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What Makes a Scifi Film a Classic?


When you’ve been on a long trip and your brain is mush and you still have a column to write, it’s nice to look into your e-mail queue and find someone asking a question. Here it is:

My friend and I are arguing whether Rise of the Planet of the Apes is going to be considered a classic. I think so; he thinks not. Tell him I’m right.

Now, now. I don’t want to take sides here — that will wait until the end of the column — and in many ways the only thing that establishes a film as a classic is time. Lots and lots of time. That said, with films, there are a few factors one can look at to formulate their chances of achieving classic status, and obviously the more factors a film has, the better. These factors are:

1. Is the film exceptionally popular? A film everyone sees has a
leg up in the immortality sweepstakes because it has a wide base of
memory and cultural impact above and beyond its other inherent
cinematic qualities (or  lack thereof). It’s why, for example, Independence Day
— the Number One film of 1996, with an inflation-adjusted domestic
gross of more than $550 million — can make a legitimate argument for
being a classic of the genre despite being otherwise derivative and
silly. It’s also why, God help us, one day we might hear new filmmakers
citing the Transformers films as an influence.
Examples: Star Wars, E.T. the Extraterrestrial, Avatar

2. Is the film critically acclaimed?
Critics can’t kill a popular stupid film, but they can boost a smart
film that might have otherwise gotten lost in the crowd, and they can
talk about a film for years, keeping it in the consciousness of fans and
future filmmakers. As experts, they are often the first people to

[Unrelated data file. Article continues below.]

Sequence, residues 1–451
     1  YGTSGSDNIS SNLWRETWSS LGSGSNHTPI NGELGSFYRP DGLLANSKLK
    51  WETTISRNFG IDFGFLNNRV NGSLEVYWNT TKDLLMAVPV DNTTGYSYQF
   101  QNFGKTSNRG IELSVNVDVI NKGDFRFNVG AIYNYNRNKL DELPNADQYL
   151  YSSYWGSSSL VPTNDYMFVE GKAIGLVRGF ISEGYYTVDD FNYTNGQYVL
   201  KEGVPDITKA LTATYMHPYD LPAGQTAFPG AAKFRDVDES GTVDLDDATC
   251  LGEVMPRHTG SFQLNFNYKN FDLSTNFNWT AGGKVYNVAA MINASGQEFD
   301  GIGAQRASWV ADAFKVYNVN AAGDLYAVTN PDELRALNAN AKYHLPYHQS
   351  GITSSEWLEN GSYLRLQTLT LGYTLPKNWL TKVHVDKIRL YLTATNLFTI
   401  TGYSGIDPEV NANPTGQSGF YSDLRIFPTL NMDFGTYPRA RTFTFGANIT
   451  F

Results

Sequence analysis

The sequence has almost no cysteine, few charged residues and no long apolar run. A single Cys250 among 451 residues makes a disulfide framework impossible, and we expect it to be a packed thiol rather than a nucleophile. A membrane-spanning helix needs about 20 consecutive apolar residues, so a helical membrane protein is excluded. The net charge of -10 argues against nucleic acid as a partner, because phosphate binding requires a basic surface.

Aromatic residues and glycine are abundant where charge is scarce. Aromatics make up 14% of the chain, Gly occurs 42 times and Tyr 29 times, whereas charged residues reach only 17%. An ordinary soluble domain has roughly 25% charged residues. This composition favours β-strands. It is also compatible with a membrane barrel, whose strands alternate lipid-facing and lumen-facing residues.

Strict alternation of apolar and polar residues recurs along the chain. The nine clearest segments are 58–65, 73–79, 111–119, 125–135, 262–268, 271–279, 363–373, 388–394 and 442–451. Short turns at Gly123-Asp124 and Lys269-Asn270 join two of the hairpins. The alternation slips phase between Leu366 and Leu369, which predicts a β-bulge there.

introduce an argument for the classic status of a film — and to continue
making the argument, over and over and over again.
Examples: 28 Days Later, Alphaville, The Brother from Another Planet

3. Do filmmakers cite it as an influence?
In music, there’s the joke that only five thousand people bought the
first Velvet Underground album — but all five thousand of them
immediately formed bands. Likewise, there are films that — whether they
were originally popular or not — enthralled the people who would then go
on to make films. Those filmmakers then pointed back to those original
films, bringing them into the spotlight once more, and in some cases making
them more popular than they were when they came out.
Examples: Blade Runner, Metropolis, Solaris (1972)

4. Does the film feature a significant advance or refinement in cinematic film technology? Science
fiction is an effects- and technology-sensitive genre, and oftentimes
being the first to introduce a technology — or being the first to do it
spectacularly well — is an argument for classic status. Take the
original Tron. Terrible script, indifferent acting and directing,
and overall not a very good film, but also indisputably a classic of
the genre thanks to its groundbreaking (and, for the time, jaw-dropping)
computer-generated visual effects. Note that “technology” doesn’t just
mean visual effects — other disciplines like makeup and sound effects
are equally applicable.
Examples: 2001: A Space Odyssey, Planet of the Apes, Jurassic Park

5. Is the film notable in a subgenre of science fiction?
Sometimes a film that achieves classic status is already a classic,
just to a lot fewer people. Those people then act as ambassadors for the
film to the larger culture. A perfect example of this is Akira, the 1988 film that is to anime what Star Wars is
to science fiction film in general: an unignorable watershed of the
category. As the influence of anime and the anime fans has grown, so has
the influence and status of Akira within the genre as a whole.
Examples: Godzilla, Ghost in the Shell, The Thing

Again,
none of these things in itself guarantees classic status (nor is this
checklist exhaustive in what makes for a classic science fiction film).
But the more of these factors a film has, the better its odds
over time.

Now, let’s apply these to Rise of the Planet of the Apes.
The film is something of a surprise hit ($133 million so far
domestically) but not a huge hit. It’s pretty critically successful,
with an 83% rating at Rotten Tomatoes. It’s far too early for it to be
an influence on filmmakers. Its ape technology, while impressive,
follows both the groundbreaking CGI work of the 2005 King Kong, and of course the makeup work of the original 1968 Planet of the Apes.

Add it up and I suspect that Rise will probably not in time be considered a classic. This doesn’t mean it’s not a good film: It is, and it deserves its success. But “classic” is something different — and something more — than “good.”

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